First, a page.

After several years of paranoid news articles, it seems as though the age of mobile phone hacking might finally be upon us.
As smartphones took off, anti-malware companies spent the last few years warning about the potential of smart phone Trojans and viruses. Some of them have even released products designed to protect these endpoints, but aside from a few proof of concept binaries, little seems to have happened.
A few things recently suggest that the mobile phone security threat may be gaining traction.
Cisco's latest annual security survey, released yesterday, has found that criminals are investing more resources in exploits specifically targeting mobile device users. It is only a nascent trend, the company says, but it is a distinct one. Significantly, Cisco believes that we have reached a tipping point with traditional PC security. Companies are getting better at building security into PC platforms and making patches available more quickly, the report said. Look out for exploits targeting Apple and Android operating systems this year, it added.
Both iOS and Android phones are getting sophisticated enough to allow malware to do some pretty devious things. Security researchers have developed an Android Trojan called Soundminder, for example, that listens for spoken or dialed credit card numbers or PINs, performing the necessary analysis to convert them from sound recordings into text that can then be sent back to an attacker.
That may be little more than a proof of concept trojan, but other researchers have found a real one, in the wild, that is being bolted onto legitimate Android apps. It effectively converts the phone into a bot, enabling it to take remote instruction from a malicious attacker.
There is another reason why smart phones might be the next significant attack target for criminals: mobile payments. Right now, smart phones are frequently enabled for online payments in one way or another. The iPhone features an in-app payment mechanism, for example, and many applications connect to services with stored credit card information. Bump, a popular mobile application that enables two phones in the same vicinity to exchange information, publishes an API that companies like PayPal use to facilitate mobile transactions.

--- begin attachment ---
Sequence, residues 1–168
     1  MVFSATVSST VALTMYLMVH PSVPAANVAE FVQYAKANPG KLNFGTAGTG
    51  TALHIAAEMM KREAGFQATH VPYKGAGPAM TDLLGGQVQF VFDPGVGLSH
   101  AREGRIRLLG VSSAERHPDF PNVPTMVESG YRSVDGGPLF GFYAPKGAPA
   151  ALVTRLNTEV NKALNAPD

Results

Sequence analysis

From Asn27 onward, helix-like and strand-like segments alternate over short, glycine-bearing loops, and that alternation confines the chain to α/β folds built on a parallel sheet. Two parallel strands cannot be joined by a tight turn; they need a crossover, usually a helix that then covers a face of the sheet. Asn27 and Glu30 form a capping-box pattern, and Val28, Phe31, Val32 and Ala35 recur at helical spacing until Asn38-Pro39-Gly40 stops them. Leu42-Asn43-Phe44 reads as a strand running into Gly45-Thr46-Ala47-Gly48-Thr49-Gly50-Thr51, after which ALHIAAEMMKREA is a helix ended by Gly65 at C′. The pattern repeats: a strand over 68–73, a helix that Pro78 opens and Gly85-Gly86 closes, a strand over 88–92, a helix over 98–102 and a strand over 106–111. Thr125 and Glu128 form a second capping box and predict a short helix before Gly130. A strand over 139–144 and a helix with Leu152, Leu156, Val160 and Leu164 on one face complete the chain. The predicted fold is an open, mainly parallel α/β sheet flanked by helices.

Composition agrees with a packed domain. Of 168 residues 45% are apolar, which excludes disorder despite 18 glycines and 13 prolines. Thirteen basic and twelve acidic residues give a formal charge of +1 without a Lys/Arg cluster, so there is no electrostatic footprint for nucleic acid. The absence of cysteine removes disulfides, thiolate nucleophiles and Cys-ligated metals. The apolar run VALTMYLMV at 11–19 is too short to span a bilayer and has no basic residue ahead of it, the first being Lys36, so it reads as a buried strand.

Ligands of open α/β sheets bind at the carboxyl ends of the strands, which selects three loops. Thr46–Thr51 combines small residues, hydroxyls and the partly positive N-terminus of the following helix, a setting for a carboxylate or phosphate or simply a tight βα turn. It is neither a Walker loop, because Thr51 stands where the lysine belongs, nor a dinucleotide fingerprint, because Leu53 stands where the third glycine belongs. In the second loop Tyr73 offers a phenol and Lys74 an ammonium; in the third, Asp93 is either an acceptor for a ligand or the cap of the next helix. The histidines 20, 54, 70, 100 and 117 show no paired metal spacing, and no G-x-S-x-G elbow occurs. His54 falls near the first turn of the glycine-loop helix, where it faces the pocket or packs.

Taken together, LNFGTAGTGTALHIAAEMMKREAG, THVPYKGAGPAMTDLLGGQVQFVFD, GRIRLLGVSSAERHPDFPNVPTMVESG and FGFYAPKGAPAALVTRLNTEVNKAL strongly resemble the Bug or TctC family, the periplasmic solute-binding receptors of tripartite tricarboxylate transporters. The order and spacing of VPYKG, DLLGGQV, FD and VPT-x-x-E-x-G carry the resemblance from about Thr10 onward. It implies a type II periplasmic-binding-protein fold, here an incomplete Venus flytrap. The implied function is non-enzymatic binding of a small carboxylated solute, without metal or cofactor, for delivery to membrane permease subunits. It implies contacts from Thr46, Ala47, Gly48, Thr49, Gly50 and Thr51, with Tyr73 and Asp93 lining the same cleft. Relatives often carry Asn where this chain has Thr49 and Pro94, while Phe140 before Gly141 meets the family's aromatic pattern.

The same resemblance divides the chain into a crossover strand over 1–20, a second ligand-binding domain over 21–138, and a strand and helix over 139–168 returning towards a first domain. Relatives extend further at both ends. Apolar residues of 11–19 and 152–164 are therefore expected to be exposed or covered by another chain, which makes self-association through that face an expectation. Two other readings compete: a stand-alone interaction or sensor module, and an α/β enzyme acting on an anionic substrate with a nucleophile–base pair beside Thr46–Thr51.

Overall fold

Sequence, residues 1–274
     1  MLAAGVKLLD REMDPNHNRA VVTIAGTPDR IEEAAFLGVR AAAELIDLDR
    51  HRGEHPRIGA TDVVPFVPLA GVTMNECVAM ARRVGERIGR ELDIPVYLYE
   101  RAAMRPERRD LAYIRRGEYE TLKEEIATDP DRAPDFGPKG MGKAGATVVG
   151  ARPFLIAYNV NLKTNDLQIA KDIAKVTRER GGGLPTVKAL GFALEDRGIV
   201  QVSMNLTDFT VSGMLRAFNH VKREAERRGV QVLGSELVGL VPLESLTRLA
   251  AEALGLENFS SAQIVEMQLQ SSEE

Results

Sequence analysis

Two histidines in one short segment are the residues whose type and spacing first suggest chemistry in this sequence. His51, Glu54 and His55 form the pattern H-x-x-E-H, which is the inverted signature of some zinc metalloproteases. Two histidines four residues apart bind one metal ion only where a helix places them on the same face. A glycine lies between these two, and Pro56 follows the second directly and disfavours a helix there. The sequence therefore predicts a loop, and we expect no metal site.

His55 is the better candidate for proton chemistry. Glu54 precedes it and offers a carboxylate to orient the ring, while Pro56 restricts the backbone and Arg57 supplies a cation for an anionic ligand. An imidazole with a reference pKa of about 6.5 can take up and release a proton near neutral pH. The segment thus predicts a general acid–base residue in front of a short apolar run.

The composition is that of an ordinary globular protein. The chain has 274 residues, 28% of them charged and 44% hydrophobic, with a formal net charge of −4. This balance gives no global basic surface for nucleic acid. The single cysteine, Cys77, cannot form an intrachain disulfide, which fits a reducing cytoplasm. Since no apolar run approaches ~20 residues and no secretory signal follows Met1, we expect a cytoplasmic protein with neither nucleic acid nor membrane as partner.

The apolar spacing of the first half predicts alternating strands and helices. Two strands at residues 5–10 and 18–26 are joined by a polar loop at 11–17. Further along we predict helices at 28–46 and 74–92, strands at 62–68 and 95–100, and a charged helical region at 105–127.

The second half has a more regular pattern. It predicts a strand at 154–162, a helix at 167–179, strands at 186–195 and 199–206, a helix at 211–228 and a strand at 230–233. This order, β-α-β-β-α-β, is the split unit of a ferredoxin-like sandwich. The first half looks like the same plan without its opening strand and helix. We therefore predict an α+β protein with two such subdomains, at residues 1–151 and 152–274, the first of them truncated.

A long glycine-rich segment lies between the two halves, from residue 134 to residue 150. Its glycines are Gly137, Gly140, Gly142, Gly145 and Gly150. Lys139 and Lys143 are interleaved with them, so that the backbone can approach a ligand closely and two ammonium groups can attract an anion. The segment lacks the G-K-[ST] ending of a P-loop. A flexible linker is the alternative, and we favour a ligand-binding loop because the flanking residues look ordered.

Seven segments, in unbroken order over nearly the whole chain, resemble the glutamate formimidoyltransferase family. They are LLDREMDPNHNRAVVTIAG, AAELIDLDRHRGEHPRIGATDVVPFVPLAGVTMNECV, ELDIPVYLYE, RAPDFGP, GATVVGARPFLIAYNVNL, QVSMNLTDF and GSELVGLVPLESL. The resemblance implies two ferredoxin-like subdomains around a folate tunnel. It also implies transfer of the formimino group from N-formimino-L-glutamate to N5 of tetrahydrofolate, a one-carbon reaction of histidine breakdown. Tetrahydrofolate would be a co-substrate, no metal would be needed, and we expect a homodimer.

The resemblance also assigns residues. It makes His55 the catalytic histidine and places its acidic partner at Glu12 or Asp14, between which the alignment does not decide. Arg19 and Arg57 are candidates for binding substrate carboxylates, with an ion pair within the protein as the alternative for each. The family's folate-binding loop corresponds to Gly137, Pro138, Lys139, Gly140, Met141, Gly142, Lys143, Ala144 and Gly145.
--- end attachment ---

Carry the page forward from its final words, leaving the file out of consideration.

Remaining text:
Large retailers are starting to get in on the act. Coffee giant Starbucks has started taking mobile payments from the iPhone in the US, via a Starbucks Card Mobile app that connects the phone to the user's Starbucks card account.
I guess it was only a matter of time. After all, modern malware writers look for sensitive information that could be sold on. Smartphones are beginning to store more of that sensitive information, and are also connecting to a greater number of sensitive online services. My bank, for example, released its online banking iPhone app recently.
But the real inflection point for mobile payments will be Near Field Communications (NFC). This radio technology, already used in payment card and ticketing systems, is being prepared for phones, and one big rumour is that it will make its way into the iPhone 5. This would effectively turn your phone into a digital wallet, able to pay for things in cash. What self-respecting cyber criminal wouldn't want a piece of that action?
Listed below are links to blogs that reference this entry: Why the Android and iPhone are under threat from mobile phone hacking.
TrackBack URL for this entry: